Does the connector work "out-of-the-box"?
Akeneo PIM flexibility allows you to craft a wide array of catalog structures. This versatility is a powerful asset, yet it can also influence how you employ the Akeneo Connector for Adobe Commerce.
Our Adobe Connector is meticulously designed to seamlessly integrate with your diverse catalog structures. We've incorporated various parameters into the Connector to cater to your specific needs and adapt to your modeling.
To gain a comprehensive understanding of how each parameter influences your integration, we recommend delving into the Connector Configuration documentation. This resource will illuminate the nuances of each parameter and how it can be tailored to your advantage.
Please read the documentation related to the connector configuration documentation to understand the impact of each parameter.
Can the connector be customized?
If the predefined configurations of the Akeneo Connector do not align with your business logic or if you require additional import options, you have the freedom to customize the Akeneo Connector for Adobe Commerce. Akeneo provides you with the PHP source code for the Connector upon delivery.
Before you embark on developing your own enhancements, please consider the following guidelines:
- Observers define tasks for each import. To add a new task, declare a new method in the corresponding Import class and include it in the Observer.
- One method in the Import class corresponds to one task.
- There is no data transfer between tasks.
Should you believe that your custom feature could be beneficial to the wider community, you are encouraged to submit a pull request (PR) so it can be integrated into the repository. Additionally, if your feature holds potential value for Enterprise users, Akeneo may reach out to collaborate on incorporating your edits into the Premium version. Cheers to customization and collaboration!
Best practices to customize Akeneo Connector
In the context of customizing the Akeneo Connector, here are some best practices:
Use composer to deploy
Do not edit the initial code and prefer the override procedure. If you installed the connector via composer as recommended in the installation section, you will not be able to edit the core code (because the core code is designed as a dependency).
Override the connector
Adobe Commerce incorporates a new dependency injection system that manages which dependencies to inject. This system is controlled by the di.xml file.Each module can have both a global and a local scope di.xml file:
- Global Scope:
- Local Scope:
It's important to note that you have the flexibility to override the connector, and there are multiple approaches to do so. This flexibility allows you to customize the integration according to your specific requirements and business logic.
Let’s take an override example. We want to override the catalog product class (which is defined in the di.xml file of the Catalog module):
<preference for="Magento\Catalog\Api\Data\ProductInterface" type="Magento\Catalog\Model\Product" />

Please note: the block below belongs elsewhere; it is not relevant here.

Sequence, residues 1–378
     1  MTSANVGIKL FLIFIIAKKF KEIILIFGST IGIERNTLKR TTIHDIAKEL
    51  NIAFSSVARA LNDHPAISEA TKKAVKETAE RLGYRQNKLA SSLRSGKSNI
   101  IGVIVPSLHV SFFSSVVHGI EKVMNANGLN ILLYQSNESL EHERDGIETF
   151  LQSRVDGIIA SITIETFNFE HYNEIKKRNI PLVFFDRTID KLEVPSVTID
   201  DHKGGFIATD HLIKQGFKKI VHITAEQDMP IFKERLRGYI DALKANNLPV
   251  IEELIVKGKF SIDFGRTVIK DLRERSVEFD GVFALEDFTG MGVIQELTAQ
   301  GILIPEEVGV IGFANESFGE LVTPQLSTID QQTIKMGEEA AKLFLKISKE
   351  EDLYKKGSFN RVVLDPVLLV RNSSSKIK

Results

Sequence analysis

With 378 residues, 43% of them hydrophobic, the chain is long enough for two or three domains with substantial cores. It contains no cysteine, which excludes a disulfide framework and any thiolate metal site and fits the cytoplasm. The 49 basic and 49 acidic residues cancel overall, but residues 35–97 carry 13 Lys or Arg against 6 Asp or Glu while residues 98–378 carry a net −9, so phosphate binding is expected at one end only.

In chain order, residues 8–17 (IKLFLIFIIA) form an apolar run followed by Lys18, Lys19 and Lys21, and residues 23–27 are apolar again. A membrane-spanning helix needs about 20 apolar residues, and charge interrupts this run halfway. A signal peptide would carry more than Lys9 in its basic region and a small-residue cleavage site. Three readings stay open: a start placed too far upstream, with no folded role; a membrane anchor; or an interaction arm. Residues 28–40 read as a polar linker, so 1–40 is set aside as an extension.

To override this class, all we need to do is to create a file that will extend the original class:
<preference for="Magento\Catalog\Api\Data\ProductInterface" type="Akeneo\Catalog\Model\Product" />
class Product extends \Magento\Catalog\Model\Product
The order of module dependencies is very important, and to make sure that this order is the right one, the sequence has to be defined in etc/module.xml.
By extending a class with multiple classes, you can cause conflict. To avoid that, Adobe Commerce has defined the notion of plugin. Plugins are a great solution to extend a class and not change it. Just like for the class declaration, the plugins are declared in the di.xml file. The plugin system intercepts a method call before, after, or around its call. Let’s take an example. First, the di.xml file
<plugin name="Akeneo_catalog_product" type="Akeneo\Catalog\Plugin\Model\Product" />
And, then, as described earlier, the three catching methods:
Before executes your plugin prior a given method. The only constraint is that your plugin needs to return the same number of arguments than the method accepts (in an Array)
public function beforeSetPrice(\Magento\Catalog\Model\Product $subject, $price)
$price += 10;
This is the way to execute a procedure after a method is executed. The After method will work with the same number of arguments that the initial method plus one additional argument (the return argument of the initial method). The extended method needs to have the same name with the prefix “after”
public function afterGetName(\Magento\Catalog\Model\Product $subject, $result)
$result .= ' (Akeneo)';
Around is about using both the before and after methods in one shot. The extended method shall have the “around” prefix in its name.
public function aroundSave(\Magento\Catalog\Model\Product $subject, \callable $proceed)
// before save
$result = $proceed();
// after save
While the plugin solution can be quite compelling for overriding and customizing methods, it's important to be aware of its limitations. The plugin solution may not work with certain types of methods, and in such cases, you should explore alternative overriding solutions. Here are some of the scenarios in which the plugin solution may not be suitable:
- Objects that are instantiated before Magento\Framework\Interception is bootstrapped.
- Methods that are marked as final.
- Classes that are marked as final.
- Classes that contain at least one final public method.
- Non-public methods.
- Class methods, such as static methods.
- The __construct method.
- Virtual types.
In situations where the plugin solution is not applicable, it's essential to employ other overriding methods to achieve the desired customization in Adobe Commerce.